Monday, April 2, 2012

Lying bosses and the magic of bookshops

This morning Maria Tumarkin and I spoke to Natasha Mitchell on ABC Radio National's 'Life Matters'.

We had our Monday 'Modern Dilemmas' gig, talking about an outrageously dishonest boss. Do we put up with her grandiosity, or stay smiling in silence?

You can listen here.

Embiggen Books, in Melbourne
I also have my regular Canberra Times column today, 'Savouring the magic of the local bookshop'. As I've argued elsewhere, I'm all for ebooks.

But does the bricks-and-mortar bookshop have its own particular magic? A sample:
good bookshop employees are immeasurably important. Obviously some chain bookstores are staffed by sullen automatons, for whom books are no different to chewing gum, glossy magazines or a grandé latté hazelnut with sprinkles. But the best bookshops - usually independent - are often owned, managed and staffed by readers. They combine erudition, passion for the written word, and intense curiosity.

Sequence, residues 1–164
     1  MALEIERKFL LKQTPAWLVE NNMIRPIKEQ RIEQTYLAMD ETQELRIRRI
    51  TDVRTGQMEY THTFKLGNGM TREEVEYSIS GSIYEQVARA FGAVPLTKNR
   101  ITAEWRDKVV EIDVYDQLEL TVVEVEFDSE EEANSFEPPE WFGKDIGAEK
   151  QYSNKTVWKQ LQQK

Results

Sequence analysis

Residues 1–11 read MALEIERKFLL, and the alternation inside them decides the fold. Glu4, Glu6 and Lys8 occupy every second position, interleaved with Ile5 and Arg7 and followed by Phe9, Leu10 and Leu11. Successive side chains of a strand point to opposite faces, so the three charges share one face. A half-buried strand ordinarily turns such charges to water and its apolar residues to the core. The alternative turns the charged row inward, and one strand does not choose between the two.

Just recently I visited, for the first time, Embiggen Books in Melbourne, with its elegant and ample collection of science literature. The staff member's attitude to this collection was noteworthy: an intimate custodianship. If I wanted a Darwin biography, it mattered to her which I chose, and why I chose it: which book was definitive, concise or humane. This is often how ideas spread and grow: not simply in books or journals, but in conversations that wed impressions to situations, advice to ambitions. Stacked shelves provide the occasion, but enthusiastic, intelligent and well-read staff make a bookshop an education. 
(Photo: Angela Wylie/Fairfax)

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